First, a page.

Sandra Whytcross grew up in Heathcote where her parents, Vern and Noreen Scaletti, used to run the BP service station. Her husband Andrew grew up in Eltham, moving to Heathcote with his family when he was fifteen.
Sandra, Andrew (whose nickname is Rowdy), and their son Marty and his partner Megan, now run Idavue Estate. Their winery has expanded to include a gazebo, currently undergoing transformation into their new cellar door. This future cellar door area is a perfect venue for the ‘Reds and Blues’ music gigs that they present every two months, as well as for weddings and other special events.
When I was growing up here, Heathcote was a thriving town,” says Sandra. “The main attraction was Eppalock. We had a boat shed at the back of our service station where people could leave their boats. There were two supermarkets, and all the shops in the main street were full. With Lake Eppalock full again, it is a fantastic time for the town. Places such as Frank’s Fetching Treasures, Cellar & Store, the Tooborac Hotel & Brewery, the new Heathcote Estate cellar door, and the revamped Segafredo’s bakery, are all great additions to the town since the previous Eppalock boom.
“A full Lake Eppalock, together with the wine and food attractions that have been developed over the past decade, provide us with great opportunities. It is really important to have a range of shops open on the weekends, not only for visitors but also for the regular weekenders.”
When Andrew finished school he worked in Heathcote cutting timber and fire wood. “In the late 70s, I worked with Albino Zuber, whose vineyard used to be on the northern edge of town. As well as cutting railway sleepers with Albino and his son Frank, I picked grapes for them. Albino taught me “ about pruning, pressing, and bottling wine. I never thought that one day I’d be doing all this for myself.” The Zuber vineyard became the Shadowfax vineyard, but, in 2011, it was pulled out to make way for a housing development.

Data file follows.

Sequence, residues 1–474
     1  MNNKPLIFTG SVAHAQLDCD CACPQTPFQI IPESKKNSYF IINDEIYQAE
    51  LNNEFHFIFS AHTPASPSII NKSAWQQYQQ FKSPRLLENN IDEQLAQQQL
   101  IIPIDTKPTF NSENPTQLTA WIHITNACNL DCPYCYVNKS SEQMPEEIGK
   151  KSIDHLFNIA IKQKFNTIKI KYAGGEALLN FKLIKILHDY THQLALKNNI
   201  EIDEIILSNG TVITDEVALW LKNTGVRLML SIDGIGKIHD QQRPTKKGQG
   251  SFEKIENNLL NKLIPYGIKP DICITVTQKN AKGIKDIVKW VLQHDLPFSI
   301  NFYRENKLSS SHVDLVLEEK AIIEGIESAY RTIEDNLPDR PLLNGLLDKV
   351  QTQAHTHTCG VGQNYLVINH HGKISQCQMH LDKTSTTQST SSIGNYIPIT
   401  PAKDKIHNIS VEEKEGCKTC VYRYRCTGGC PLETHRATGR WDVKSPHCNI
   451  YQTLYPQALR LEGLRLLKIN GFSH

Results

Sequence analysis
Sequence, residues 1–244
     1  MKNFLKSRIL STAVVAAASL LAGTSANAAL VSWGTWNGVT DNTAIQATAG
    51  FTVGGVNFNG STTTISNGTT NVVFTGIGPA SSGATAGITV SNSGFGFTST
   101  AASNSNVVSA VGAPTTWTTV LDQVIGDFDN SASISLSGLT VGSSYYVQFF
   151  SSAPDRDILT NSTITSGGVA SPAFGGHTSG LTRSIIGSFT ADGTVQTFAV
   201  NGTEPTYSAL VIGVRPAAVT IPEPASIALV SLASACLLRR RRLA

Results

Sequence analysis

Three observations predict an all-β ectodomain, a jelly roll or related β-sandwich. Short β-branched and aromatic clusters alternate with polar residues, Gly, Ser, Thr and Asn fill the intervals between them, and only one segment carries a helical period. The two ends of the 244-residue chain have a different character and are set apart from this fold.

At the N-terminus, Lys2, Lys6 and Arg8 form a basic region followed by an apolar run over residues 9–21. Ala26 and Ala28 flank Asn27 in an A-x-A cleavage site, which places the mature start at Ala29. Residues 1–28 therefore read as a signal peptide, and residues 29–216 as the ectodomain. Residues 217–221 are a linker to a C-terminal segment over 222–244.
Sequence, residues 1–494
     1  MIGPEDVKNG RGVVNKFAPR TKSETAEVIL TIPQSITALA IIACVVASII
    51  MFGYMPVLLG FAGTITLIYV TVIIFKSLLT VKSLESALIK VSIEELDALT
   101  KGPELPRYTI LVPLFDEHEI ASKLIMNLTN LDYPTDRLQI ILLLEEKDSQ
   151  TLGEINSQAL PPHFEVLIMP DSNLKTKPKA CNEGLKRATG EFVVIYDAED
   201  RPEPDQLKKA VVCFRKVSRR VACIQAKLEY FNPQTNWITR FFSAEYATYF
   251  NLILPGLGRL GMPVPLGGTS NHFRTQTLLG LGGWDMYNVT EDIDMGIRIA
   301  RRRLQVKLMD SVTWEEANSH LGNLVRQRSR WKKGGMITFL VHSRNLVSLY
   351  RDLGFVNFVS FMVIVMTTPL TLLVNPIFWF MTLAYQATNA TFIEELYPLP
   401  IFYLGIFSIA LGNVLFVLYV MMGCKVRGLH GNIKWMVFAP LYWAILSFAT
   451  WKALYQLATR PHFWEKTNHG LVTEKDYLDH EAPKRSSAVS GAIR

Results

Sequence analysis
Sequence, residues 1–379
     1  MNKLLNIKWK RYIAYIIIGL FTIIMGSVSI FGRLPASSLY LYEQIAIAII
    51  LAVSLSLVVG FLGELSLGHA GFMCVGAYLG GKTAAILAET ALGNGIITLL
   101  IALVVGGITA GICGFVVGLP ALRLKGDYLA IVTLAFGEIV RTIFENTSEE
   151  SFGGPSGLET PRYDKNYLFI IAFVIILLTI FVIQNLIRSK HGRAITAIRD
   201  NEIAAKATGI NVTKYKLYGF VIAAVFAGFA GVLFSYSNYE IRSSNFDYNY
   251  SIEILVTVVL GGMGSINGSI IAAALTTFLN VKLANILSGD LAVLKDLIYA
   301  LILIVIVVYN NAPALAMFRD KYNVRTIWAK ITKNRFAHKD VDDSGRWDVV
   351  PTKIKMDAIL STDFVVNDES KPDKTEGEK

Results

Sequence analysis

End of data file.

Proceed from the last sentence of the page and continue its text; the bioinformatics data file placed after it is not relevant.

Running her parent’s service station developed Sandra’s business skills. She and Andrew married in 1979, Marty was born in 1984. “We moved to Yarrawonga in 1986 when Andrew got a job falling trees with Brymay Forests. I worked full time, but Andrew eventually cut himself out of a job once all the trees were felled so we needed to find another job for him,” says Sandra.
“We took over the music shop in Yarrawonga and ran that for six years. Andrew’s second love is music, wine being his first, says Sandra, “I think I come in around third or fourth! He is a Blues man who plays the guitar for his own enjoyment. We follow the Blues scene in Melbourne, Echuca, and Broadbeach in Queensland, and hope one day to take a couple of weeks to do Chicago.
“We moved from Yarrawonga, where we were surrounded by water, back to Heathcote, where the water was disappearing, to be closer to our families. We called it our drought-change.”
When they bought a bare paddock of land just north of Heathcote, Gerry McHarg told them that they would be mad if they didn’t grow grapes. “We decided to put vines in, but maybe that was the mad thing to do,” says Andrew. “We planted the vineyard, we did it all ourselves with the help of some dedicated family members.
“We built a barn and lived in that initially,” says Sandra. “Banks don’t loan money for a vineyard, but they do for a house. We invested all our savings in the vineyard and started planting in 1999. We had minimum irrigation and the first 10,500 vines struggled, but most survived.